Katherine Gold, M.D., M.S.W., M.S.
Dr. Gold’s health services research focuses on the downstream impact of pregnancy loss (including stillbirth and infant death) on maternal mental, physical, and reproductive health. Additional research focuses on perinatal mental health and mental health in primary care. She also investigates mental health in the perinatal period in Africa, as well as stillbirth prevention in developing countries.
- M.D., University of Michigan
- M.S., Health and Health Care Research, University of Michigan
- M.S.W., Social Work, University of Michigan
- B.S., Biology, University of Michigan
Health Services Research & Policy Focus
What are you thinking about?
I’m focusing on the downstream impact of adverse birth outcomes such as stillbirth and infant death. More babies die in the perinatal period (from the 20th week of pregnancy through the first month after birth) than all deaths from homicide or suicide, deaths from motor vehicle accidents, or gun deaths, but there is little research on this topic. In addition, virtually all bereavement research has focused on white, upper-middle class women, when actually African-American women face at least twice the risk of having a baby die. Much of my work focuses on health disparities and variations in care by race and ethnicity. I’m particularly interested in looking at mental health issues and also thinking about how physicians deal with death and how that impacts quality of psychosocial care for patients.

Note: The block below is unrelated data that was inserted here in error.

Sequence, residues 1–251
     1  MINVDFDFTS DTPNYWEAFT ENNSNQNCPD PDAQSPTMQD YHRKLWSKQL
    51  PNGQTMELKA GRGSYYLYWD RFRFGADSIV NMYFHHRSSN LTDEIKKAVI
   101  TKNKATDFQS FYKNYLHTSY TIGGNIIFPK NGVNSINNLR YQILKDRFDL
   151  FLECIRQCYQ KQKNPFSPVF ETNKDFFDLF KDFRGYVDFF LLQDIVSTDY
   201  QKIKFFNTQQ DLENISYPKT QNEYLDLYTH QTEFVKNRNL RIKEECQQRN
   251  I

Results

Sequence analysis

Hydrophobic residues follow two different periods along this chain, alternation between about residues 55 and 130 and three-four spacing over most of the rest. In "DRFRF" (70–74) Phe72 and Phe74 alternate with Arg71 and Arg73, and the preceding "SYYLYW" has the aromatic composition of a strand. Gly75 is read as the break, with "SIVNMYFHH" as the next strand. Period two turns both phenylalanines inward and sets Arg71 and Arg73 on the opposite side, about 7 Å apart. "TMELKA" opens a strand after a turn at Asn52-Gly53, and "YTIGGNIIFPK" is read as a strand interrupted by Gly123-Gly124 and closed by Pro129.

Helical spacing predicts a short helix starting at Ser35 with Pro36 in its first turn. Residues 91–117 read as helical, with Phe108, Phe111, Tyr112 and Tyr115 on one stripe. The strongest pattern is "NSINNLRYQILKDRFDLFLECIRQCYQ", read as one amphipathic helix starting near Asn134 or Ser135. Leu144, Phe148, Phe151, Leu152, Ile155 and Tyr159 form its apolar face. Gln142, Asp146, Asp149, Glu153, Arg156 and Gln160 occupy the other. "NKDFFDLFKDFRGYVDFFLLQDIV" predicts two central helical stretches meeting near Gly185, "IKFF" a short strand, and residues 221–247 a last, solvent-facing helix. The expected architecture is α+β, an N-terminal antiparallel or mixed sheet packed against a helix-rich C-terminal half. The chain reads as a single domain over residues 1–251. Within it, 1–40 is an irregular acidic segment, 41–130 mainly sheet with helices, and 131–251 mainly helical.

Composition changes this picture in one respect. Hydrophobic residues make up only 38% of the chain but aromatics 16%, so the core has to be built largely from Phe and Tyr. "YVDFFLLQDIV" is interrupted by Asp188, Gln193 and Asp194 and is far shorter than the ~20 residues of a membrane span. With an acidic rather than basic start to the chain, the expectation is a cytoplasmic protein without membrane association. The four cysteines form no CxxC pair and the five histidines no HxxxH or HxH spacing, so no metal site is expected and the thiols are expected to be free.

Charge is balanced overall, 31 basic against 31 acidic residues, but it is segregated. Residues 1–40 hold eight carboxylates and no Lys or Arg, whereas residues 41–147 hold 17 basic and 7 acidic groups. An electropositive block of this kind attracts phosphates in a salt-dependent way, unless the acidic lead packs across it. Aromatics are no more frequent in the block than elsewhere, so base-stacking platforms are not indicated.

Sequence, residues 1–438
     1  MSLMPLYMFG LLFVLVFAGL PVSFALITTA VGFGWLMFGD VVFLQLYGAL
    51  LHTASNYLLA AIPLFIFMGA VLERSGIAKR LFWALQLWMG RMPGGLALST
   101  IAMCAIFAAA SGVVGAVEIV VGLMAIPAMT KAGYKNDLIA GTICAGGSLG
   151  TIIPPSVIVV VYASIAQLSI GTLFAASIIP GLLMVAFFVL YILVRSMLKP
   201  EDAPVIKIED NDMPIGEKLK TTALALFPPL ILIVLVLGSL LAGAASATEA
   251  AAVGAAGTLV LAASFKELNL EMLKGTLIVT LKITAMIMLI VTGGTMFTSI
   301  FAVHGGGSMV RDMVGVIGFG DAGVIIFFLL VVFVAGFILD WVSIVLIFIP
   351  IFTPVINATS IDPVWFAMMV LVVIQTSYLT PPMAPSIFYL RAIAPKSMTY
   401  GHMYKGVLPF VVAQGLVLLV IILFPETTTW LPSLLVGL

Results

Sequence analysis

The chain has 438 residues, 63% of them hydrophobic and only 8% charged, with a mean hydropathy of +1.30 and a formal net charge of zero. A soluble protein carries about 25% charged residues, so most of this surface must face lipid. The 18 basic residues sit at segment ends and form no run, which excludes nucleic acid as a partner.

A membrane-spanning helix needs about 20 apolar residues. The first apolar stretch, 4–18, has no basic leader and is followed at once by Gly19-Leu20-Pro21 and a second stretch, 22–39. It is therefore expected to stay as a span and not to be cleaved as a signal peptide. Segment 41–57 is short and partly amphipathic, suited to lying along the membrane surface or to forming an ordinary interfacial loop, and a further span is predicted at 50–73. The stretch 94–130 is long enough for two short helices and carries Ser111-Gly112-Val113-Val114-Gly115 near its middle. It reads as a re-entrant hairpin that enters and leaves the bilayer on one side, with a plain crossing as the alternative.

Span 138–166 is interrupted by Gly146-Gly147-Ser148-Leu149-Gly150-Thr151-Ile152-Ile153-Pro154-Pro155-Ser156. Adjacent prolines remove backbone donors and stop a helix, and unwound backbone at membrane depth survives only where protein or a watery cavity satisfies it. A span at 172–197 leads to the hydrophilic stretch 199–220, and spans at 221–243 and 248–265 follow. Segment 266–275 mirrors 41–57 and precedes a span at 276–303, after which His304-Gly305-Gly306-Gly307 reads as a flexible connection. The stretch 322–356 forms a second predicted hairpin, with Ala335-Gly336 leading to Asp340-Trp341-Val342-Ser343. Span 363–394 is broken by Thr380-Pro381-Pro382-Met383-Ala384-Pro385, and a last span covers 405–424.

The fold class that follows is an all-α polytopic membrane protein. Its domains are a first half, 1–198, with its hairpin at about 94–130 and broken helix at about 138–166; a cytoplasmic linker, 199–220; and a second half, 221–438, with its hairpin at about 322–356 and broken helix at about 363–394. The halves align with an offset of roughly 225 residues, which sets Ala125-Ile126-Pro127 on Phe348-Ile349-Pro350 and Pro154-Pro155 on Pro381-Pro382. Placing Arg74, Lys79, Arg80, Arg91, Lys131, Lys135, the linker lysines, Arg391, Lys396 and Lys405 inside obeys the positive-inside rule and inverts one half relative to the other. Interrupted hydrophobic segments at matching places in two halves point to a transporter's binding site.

Why is this interesting to you?
It is becoming clear that perinatal death has profound impacts on families, which affects them long after the death and into subsequent pregnancies and beyond. Until we can better characterize the risks which bereaved families face, it is difficult to know how best to intervene. I’m also attracted to this issue because so few investigators are looking at the racial and socioeconomic disparities and how to address them. Early research has suggested that existing mental health problems can lead to subsequent fetal and infant deaths—helping prevent complications from perinatal loss could actually improve future birth outcomes.
What are the practical implications for healthcare?
Much of my work is trying to quantify the direct and indirect costs of perinatal death—the economic impact, healthcare utilization, rate of chronic diseases and maternal hospitalizations, risks to subsequent pregnancies, impact on healthcare providers, and racial disparities. I think until we can better show that these losses are common, costly, and traumatic, it will be challenging to get better interventions in place for families and improve care of bereavement and mental health complications from loss.